Monday, August 31, 2009

DIY Attack

The kiln has been put on hold for a few days. We have a visitor coming so I decided to tear out the disgusting carpet in the guest bedroom and put down new flooring. No problem, one day job. This, of course, lead to the discovery that moisture had seeped through the cinder-block and caused damage to the drywall. So...out came the drywall and I am sealing the block and rehanging the dry wall, taping and floating it, painting the room...and then putting down the new flooring. All with a deadline. Where's HGTV?

Friday, August 28, 2009

Porch Thoughts

My eyes scanned the green wall of trees this morning as I sat drinking my coffee this morning. I was looking for hints of the coming fall. They were there; very subtle, but they were there. A few leafs gone to orange, yellow and brown with a worn, tired look to the rest. We had a cold front slide through a few days ago and it signaled to the hummingbirds that it was time to take their long journey south again. A few still hang on, like the last guests at a party unwilling to call it a night. I love the celebration of fall with its bright colors and invigorating weather. The time of year makes mindful the cycles of life that the seasons unfold. The birth of spring, youth of summer, the full bodied maturity of fall and the quiet passing of winter. My mind scans myself, fully seeing the autumn within.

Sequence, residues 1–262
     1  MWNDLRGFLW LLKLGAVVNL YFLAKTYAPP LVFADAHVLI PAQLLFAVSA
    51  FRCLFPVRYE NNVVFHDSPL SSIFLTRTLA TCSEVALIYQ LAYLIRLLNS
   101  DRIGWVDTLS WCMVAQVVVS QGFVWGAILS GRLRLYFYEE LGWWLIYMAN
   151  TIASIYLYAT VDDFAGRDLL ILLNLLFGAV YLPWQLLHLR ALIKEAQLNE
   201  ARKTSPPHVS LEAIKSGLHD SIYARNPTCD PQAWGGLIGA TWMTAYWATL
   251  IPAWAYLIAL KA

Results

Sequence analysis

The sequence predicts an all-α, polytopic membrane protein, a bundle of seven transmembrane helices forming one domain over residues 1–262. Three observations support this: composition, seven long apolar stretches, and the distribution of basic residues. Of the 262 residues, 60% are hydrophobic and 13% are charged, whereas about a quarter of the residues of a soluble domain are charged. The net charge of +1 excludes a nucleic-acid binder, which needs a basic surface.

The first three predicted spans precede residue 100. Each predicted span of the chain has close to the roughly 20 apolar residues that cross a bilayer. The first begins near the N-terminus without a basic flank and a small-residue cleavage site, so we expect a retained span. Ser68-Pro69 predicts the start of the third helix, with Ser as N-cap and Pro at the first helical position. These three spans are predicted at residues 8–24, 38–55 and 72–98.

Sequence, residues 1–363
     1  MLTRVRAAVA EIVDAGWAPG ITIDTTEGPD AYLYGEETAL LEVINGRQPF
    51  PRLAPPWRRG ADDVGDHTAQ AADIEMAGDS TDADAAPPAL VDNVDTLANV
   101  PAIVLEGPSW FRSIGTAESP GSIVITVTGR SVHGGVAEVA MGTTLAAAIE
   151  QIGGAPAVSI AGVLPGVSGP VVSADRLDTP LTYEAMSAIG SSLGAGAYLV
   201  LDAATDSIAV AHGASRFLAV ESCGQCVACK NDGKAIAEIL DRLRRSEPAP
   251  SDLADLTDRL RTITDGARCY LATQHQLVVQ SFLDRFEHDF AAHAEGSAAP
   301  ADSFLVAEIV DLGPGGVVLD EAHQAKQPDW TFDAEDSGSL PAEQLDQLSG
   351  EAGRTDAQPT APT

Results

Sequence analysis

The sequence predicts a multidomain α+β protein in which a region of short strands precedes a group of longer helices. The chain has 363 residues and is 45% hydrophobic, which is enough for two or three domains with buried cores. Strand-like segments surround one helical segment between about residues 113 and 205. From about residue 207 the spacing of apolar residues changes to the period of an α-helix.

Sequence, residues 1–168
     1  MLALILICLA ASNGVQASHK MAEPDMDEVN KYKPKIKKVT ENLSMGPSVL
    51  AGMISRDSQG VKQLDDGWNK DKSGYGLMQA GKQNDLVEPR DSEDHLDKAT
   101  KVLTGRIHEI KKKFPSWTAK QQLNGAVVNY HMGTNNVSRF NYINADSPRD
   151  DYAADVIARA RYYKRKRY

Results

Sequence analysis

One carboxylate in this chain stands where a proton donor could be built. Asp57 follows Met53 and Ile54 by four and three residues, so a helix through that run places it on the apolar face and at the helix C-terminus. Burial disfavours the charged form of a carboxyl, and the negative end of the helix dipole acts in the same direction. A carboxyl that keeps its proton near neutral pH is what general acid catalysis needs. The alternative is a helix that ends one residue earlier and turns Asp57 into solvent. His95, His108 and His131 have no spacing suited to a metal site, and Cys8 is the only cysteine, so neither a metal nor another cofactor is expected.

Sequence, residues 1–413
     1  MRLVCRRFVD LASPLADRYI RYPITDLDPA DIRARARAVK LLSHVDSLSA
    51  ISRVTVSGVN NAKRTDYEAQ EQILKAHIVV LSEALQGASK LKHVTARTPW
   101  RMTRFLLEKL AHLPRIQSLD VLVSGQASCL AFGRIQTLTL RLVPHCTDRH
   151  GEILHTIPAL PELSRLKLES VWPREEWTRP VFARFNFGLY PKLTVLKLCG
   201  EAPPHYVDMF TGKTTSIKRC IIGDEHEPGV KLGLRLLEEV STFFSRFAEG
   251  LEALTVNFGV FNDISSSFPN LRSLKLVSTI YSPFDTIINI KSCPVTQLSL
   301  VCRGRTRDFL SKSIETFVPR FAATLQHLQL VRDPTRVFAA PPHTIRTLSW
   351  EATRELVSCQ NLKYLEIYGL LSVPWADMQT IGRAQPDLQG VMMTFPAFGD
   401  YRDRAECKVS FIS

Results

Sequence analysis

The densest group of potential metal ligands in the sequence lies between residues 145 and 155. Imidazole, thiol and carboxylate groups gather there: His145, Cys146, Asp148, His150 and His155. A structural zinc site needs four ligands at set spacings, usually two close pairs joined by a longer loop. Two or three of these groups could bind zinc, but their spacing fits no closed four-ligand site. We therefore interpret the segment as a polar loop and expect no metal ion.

Thursday, August 27, 2009

Devil in the Details

What they don't mention is that bricks, Super, High, Medium and Insulated Fire Brick (IFB) are not the exact same size. I am using the 3" x 4 1/2 x9 inch series of brick and have mixed the various grades of bricks in the kiln. I used Super duty around the firebox, High duty for the inner shell and medium duty for the door and upper chimney. The outer shell is made from IFB. As you can see from the photos below, these bricks differ just a bit in height. If you are using a mortar, then the difference is taken care of. I am doing a bit of mortar in critical areas, but for the most part I am dry stacking the bricks with just a skim coat of fire clay and sand to seal and level a bit.